St. George boasts dramatic red rocks, a desert garden, and soaring architecture.
With its relatively warm winters, St. George has long attracted snowbirds. Today, visitors come for the dramatic red rocks, an expansive public garden, and a sensationally placed eatery.
1. At the five-acre Red Hills Desert Garden, opened in 2015, rock-lined paths meander past barrel cacti, prickly pears, and more than 160 other plant varieties. An artificial slot canyon leads to a constructed stream with a special fish-viewing chamber. Dinosaur tracks recall the days when the 1,000-pound dilophosaurus roamed these parts.
2. Set against a backdrop of sandstone cliffs, Kayenta Art Village in the town of Ivins, some 10 miles northwest of St. George, is a strollable cluster of galleries selling Navajo pottery, recycled silver jewelry, and fused-glass art. The nearby Desert Rose Labyrinth invites quiet contemplation.
3. The sparkly white St. George Utah Temple tops out at 175 feet, carving a striking profile against the sky. The meeting hall, dedicated in 1877, isn't open to guests who aren't Mormons, but you can walk the flower-filled grounds and marvel at the architecture.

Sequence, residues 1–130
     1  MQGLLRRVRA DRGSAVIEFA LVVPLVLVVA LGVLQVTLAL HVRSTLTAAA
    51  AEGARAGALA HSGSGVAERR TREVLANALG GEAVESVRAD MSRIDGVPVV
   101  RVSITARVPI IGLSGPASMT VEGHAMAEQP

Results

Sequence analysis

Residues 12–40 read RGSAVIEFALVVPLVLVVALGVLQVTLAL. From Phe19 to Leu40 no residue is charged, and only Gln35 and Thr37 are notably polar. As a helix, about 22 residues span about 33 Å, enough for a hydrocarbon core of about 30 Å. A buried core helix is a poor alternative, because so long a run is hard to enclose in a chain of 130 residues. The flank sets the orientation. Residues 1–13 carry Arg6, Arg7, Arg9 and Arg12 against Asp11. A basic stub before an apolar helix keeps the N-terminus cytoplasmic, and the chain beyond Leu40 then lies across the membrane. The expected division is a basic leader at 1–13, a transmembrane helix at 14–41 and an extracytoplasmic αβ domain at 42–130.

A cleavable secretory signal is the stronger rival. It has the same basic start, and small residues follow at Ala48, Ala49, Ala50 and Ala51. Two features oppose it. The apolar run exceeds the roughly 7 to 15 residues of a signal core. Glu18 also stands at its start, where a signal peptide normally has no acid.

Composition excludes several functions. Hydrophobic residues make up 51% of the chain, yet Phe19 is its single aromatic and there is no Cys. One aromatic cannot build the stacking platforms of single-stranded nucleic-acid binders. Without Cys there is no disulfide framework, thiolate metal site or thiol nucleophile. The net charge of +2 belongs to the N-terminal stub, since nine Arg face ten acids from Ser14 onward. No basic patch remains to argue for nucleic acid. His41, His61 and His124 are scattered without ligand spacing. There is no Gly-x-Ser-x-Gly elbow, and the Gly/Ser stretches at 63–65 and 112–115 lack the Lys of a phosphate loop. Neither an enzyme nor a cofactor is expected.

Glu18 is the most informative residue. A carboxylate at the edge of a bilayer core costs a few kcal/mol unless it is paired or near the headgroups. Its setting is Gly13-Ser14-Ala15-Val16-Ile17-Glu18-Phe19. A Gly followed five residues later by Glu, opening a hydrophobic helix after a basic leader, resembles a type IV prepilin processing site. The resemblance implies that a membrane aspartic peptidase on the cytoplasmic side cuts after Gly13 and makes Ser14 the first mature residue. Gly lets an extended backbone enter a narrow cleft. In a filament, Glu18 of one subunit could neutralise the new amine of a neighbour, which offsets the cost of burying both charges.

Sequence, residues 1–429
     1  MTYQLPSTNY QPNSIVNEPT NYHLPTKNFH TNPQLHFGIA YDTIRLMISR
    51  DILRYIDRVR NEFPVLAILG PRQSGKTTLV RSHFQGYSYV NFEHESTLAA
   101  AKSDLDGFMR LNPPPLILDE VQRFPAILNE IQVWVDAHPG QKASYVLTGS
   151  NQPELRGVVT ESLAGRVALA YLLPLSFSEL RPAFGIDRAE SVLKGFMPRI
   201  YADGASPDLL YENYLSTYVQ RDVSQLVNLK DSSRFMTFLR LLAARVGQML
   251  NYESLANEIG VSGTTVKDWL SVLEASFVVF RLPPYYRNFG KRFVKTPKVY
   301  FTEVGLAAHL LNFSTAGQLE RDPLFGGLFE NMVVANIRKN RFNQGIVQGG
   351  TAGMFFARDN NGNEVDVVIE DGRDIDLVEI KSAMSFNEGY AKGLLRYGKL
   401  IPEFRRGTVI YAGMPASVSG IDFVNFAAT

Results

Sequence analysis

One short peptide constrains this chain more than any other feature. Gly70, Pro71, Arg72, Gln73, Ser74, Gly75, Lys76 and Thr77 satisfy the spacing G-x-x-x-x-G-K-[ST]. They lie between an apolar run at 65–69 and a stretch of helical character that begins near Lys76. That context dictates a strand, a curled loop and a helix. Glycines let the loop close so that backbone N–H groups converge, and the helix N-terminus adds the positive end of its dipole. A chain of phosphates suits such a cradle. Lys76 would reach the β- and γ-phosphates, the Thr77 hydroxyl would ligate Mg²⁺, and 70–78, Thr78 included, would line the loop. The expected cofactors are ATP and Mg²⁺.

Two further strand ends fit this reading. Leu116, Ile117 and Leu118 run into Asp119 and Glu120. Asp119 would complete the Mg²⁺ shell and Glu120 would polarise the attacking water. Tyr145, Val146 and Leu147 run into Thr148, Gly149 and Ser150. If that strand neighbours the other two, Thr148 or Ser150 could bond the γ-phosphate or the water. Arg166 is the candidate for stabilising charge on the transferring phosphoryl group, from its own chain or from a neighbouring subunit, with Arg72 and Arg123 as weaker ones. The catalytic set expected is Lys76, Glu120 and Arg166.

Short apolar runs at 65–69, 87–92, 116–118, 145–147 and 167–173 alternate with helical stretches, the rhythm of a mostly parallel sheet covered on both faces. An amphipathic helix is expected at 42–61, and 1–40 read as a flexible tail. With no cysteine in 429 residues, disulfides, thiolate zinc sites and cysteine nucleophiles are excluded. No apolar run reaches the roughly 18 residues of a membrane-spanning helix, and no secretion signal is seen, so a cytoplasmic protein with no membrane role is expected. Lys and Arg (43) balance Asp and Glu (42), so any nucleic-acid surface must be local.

4. It hardly seems like a fair fight when your cooking competes with a view of the moon over distant Zion Canyon, the crown jewel of southwest Utah. But chef Eric Gburski of Cliffside Restaurant rises to the challenge with delicious contemporary American dishes such as chile-glazed salmon with fresh mango salsa.
5. Ancient lava flows, solidified sand dunes, cinder cone volcanoes, and striped monoliths that soar as high as 600 feet make Snow Canyon State Park, next to Ivins, a worthy day trip and a popular movie backdrop. Despite its name, snow is rare.
This article was first published in Winter 2018. Some facts may have aged gracelessly. Please call ahead to verify information.